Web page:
Spatial Segregation and Ethno-Religious Violence: A Lesson from Ambon, Indonesia

Author and presenter: Wara Urwasi, sociology

Respondent: Lisa-Jo K. Van Den Scott, PhD candidate, sociology

When and how space influences the occurrence of communal violence in Ambon? By using archival data and secondary sources, I argue that space acted as a motivation-driven mechanism in which spatial segregation created a desire for a certain territory because of its objective and subjective values. Space also played a role as an opportunity-driven mechanism as spatial segregation increased the interaction within groups and facilitated groups’ mobilization in communal violence and the targeting of other groups.


Transformation of Dress and National Subject Formation of the Indonesian People in the Colonial Period

Author and presenter: Luthfi Adam, history

Respondent: Lauren Delacruz, PhD student, communication studies

The Durability of Sub-National Political Leaders in Post-Authoritarian Indonesia

Author and presenter: Muhammad Fajar, political science

Respondent: Rana Khoury, PhD student, political science

Post-authoritarian Indonesia has shown some sub-national political leaders fell from power before their first term while others have survived through it. I argue that the durability of these leaders is influenced by two factors: the strategy of extraction and populist policy. The different political strategies employed by the leaders have resulted in three institutional outcomes: durable-populist office, durable-exploitative office and non-durable office.

Power Struggle Over Land: Decentralization, Land Tenure Security, and the Rule of Law in Indonesia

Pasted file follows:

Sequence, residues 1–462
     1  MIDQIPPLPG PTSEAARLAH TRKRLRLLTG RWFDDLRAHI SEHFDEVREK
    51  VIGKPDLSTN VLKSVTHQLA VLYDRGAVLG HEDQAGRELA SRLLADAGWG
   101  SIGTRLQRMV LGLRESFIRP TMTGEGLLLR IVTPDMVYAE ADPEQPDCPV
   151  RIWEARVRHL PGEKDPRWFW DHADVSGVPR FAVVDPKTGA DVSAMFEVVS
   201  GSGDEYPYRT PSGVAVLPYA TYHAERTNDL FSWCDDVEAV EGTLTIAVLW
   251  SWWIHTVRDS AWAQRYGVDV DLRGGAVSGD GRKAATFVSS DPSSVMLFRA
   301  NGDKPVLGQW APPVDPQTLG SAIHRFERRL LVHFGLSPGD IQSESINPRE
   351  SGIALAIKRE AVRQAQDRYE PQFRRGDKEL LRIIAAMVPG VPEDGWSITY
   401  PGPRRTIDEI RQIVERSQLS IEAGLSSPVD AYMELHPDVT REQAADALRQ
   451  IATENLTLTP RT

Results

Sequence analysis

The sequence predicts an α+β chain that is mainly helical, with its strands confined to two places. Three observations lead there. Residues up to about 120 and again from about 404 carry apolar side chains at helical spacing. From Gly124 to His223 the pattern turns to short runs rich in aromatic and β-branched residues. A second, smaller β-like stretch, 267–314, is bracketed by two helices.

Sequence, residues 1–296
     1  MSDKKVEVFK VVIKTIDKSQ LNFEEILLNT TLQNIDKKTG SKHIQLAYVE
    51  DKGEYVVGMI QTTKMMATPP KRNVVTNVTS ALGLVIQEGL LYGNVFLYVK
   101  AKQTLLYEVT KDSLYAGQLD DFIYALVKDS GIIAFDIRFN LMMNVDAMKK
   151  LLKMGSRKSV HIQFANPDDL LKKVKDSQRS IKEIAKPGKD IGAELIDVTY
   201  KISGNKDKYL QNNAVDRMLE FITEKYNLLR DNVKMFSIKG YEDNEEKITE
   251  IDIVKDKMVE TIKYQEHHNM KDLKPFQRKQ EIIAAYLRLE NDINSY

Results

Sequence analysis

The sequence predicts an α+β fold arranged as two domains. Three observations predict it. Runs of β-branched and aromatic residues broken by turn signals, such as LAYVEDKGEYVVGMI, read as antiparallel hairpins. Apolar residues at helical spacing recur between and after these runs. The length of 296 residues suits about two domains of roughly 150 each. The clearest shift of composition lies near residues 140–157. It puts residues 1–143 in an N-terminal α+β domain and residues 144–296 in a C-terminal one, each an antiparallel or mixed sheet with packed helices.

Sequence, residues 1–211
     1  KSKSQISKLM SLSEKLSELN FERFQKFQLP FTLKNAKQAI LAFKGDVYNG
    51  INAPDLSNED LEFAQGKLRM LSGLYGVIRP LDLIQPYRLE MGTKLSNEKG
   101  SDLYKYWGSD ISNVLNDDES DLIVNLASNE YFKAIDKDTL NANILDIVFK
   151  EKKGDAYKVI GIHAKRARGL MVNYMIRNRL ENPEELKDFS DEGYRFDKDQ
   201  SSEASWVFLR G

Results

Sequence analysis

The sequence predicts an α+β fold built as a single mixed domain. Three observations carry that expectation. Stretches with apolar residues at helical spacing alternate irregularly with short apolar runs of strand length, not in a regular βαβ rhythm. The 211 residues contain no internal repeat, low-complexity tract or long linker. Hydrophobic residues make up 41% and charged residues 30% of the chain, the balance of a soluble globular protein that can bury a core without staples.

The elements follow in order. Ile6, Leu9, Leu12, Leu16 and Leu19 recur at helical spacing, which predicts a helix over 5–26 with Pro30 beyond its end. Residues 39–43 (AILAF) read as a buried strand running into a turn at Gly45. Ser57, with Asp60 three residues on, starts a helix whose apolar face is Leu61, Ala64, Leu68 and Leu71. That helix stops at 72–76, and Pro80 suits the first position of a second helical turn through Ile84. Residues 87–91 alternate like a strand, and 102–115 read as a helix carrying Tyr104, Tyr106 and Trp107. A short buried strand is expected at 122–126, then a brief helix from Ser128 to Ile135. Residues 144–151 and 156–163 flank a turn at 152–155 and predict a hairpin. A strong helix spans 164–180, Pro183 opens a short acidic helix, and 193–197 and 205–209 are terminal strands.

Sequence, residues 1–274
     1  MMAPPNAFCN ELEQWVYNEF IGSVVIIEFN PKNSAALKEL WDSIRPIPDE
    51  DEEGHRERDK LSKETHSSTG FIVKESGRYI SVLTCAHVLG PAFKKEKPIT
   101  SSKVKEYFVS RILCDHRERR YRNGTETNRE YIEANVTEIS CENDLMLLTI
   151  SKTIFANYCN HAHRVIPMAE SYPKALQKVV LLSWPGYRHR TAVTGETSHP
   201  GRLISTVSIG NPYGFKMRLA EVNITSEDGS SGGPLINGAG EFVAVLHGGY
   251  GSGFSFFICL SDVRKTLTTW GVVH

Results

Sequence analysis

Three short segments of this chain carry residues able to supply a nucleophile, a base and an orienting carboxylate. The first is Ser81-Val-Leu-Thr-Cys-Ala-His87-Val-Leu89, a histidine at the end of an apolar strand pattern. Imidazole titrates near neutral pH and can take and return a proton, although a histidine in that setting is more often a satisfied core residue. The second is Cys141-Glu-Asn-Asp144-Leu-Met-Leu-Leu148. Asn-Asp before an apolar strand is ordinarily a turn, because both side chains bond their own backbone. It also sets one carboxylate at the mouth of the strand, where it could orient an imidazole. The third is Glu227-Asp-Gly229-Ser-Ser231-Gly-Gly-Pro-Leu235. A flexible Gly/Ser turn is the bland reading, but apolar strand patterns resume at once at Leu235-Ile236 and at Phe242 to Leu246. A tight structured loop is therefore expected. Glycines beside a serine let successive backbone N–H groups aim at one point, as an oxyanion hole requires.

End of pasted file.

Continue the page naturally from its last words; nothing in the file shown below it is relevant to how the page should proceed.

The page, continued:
Author and presenter: Najmu Sopian, political science

Respondent: Alexandra Sasha Klyachkina, PhD student, political science

How Bureaucracy Affects Inequality: The Case of Post-Authoritarian Indonesia

Author and presenter: Rahardhika Utama, sociology

Respondent: Andre Nickow, PhD student, sociology

This study demonstrates that the transition to democracy does not necessarily transform detrimental institutions nor replace the existing official position of the previous bureaucracy. Focusing on the output side of the political system in which public officials exercise political authority, it provides an empirical account of the causal effects of bureaucracy on inequality in the case of post-authoritarian Indonesia.


Democratic Transition and the Changing Pattern of State-religion relations in Indonesia: A Study on Institutional Change at Subnational Level

Author and presenter: Gde Metera, political science

Respondent: Andre Nickow, PhD student, sociology

The Ruling Ambition of the Military in South Korea, Indonesia, and the Philippines during the Process of Democratic Consolidation

Author and presenter: Hipolitus Ringgi, political science

Respondent: David Peyton, PhD student, political science

Political Corruption in New Democracies: A Comparative Study of Indonesia and South Korea

Author and presenter: Danang Kurniadi, political science

Respondent: Silvia Otero, PhD student, political science